British champion sets targets for World Championships and continues to inspire women across sporting world with her on-going battle with eating disorder04 Oct 2019
Great Britain's Kadeena Cox posing with the Para athletics and cycling medals won at the Rio 2016 Paralympic Games
ⒸBob Martin for OIS/IOC
By Amp Media | For World Para Athletics
Double Paralympic champion Kadeena Cox is delighted that the honesty she showed in sharing the details of her on-going battle with an eating disorder is inspiring women across the sporting world.
Cox, who at Rio 2016 became the first female British Paralympian in 32 years to win gold medals in two different sports at a single Games, revealed in April that she suffers from crippling mental health issues. And she can barely believe the reaction she has received in the five months since.
“What got me was the amount of athletes who said they were in the same situation. I didn’t realise how many other athletes struggled,” Cox said, moments after running her first 400m in almost two years at the recent Paris 2019 World Para Athletics Grand Prix.
“I got so many messages from other athletes who were struggling or have struggled with the same thing. That has made me want to keep speaking about it because I feel the more it is spoken about, the more awareness we can raise and the more support we can get,” she added.
The 28 year old knows her revelations surprised many, coming just a month after she won time-trial gold at the 2019 Para-Cycling World Championships. Strikingly, she somewhat shares such surprise.
“There were a lot of people who felt really bad actually. Cycling Worlds was when I was at the leanest and smallest I have been and loads of people were like ‘Oh you look great!’,” she recalled.
“And when the article came out they were all like ‘Oh I am so sorry; I didn’t realise what you were going through’. But it’s a double-edged sword, because that is sort of where I want to be. I like people telling me that I look good but are they then fuelling that negative thing I shouldn’t be doing?”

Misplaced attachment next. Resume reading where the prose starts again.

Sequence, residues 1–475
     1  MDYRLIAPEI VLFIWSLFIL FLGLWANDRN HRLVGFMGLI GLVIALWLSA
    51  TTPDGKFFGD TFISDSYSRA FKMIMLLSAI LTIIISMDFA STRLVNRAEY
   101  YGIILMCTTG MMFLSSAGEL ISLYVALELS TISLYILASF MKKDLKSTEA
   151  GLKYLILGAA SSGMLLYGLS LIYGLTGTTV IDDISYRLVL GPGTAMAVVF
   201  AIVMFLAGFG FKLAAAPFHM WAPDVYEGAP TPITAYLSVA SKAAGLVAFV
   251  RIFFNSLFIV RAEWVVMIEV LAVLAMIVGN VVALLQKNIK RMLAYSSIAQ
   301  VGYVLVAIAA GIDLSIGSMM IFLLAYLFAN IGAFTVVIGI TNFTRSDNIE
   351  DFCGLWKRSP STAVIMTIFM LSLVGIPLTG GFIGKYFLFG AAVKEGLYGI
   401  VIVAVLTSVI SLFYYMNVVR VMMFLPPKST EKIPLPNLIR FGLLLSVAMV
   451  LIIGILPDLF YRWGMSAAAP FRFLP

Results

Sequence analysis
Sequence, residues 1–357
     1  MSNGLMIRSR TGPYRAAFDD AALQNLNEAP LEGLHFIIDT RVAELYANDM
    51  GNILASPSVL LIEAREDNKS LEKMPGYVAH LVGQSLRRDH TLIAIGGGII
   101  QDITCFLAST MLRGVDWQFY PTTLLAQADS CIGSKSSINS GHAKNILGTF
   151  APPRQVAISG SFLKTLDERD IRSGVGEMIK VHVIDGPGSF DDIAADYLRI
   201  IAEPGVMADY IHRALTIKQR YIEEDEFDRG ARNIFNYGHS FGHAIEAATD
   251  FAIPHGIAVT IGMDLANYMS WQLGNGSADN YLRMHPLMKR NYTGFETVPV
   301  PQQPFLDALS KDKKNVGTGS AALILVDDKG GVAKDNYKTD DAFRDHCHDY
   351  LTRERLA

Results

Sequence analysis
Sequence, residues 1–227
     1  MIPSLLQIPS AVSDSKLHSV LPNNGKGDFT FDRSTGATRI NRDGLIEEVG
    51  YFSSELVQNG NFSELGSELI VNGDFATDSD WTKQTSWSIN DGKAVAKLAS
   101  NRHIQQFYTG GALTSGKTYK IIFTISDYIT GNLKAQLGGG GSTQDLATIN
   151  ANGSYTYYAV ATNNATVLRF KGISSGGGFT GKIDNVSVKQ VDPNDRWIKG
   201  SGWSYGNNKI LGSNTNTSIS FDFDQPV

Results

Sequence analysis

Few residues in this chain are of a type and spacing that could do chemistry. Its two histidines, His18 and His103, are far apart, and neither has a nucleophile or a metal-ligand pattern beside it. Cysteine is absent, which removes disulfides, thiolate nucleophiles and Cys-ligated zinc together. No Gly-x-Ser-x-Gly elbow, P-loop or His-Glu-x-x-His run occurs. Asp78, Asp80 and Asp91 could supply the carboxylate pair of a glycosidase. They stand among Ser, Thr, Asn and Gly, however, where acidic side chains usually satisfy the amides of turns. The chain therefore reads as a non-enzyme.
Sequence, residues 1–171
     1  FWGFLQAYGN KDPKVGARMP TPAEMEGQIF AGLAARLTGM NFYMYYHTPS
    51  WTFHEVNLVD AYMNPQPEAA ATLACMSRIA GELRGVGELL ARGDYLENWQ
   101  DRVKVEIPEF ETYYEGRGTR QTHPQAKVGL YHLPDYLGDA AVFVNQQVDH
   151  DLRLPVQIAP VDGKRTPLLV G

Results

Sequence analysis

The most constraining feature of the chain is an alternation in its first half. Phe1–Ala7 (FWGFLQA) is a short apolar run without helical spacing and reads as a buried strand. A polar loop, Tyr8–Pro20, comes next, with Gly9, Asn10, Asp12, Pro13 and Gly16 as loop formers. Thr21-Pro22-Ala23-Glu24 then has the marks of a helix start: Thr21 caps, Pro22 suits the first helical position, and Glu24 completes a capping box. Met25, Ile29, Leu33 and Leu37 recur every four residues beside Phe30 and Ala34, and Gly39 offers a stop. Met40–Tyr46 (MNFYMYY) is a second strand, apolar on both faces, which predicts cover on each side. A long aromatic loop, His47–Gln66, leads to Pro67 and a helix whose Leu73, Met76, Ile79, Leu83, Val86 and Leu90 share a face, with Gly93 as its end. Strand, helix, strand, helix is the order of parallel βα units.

It is a relentlessly tough challenge to face, but in typical Cox style she is attempting to tackle it head-on. In the months after she told the world, the British athlete dived head-first into treatment, taking on a psychiatric coach among other things.
The results were swift and encouraging but then came her highly anticipated return to the track after almost two years out injured.
Cox travelled to the Paris Grand Prix primarily in order to secure a qualifying time for the Dubai 2019 World Championships next month.
“In the lead-up to the competition with the pressures of having to qualify, the pressure I was putting on myself, the injury and all the stresses that come with being an elite athlete, I have actually ended up in quite a low place,” Cox said.
She ran 1:02.97 in her 400m T38 heat – comfortable enough to secure her spot in Dubai.
Onwards and upwards
The honesty continued with Cox happy to talk about how she has attempted to ride out those debilitating feelings.
“The fact I am able to talk about it now shows how far I have come, but there is still probably quite a way to go, in not starving myself,” she said.
“It is frustrating when I do get to the point, like the last few weeks, where I do come back down because I feel like I am making so much progress and then there is this blip. But I think the realisation that is going to happen is good.”
With such grounded sentiments keeping her steady, Cox is keen to head to Dubai and show the world that she is still the person to beat in her favoured event. Then, she has plans for a double-double in Tokyo and already has an eye on the Beijing 2022 Winter Paralympics.
Cox is desperate to try a winter sport and, at this stage, Para snowboard is her favourite.
“I love it, absolutely love it, the challenge of pushing myself is what I live for,” Cox said, a huge grin returning to her face.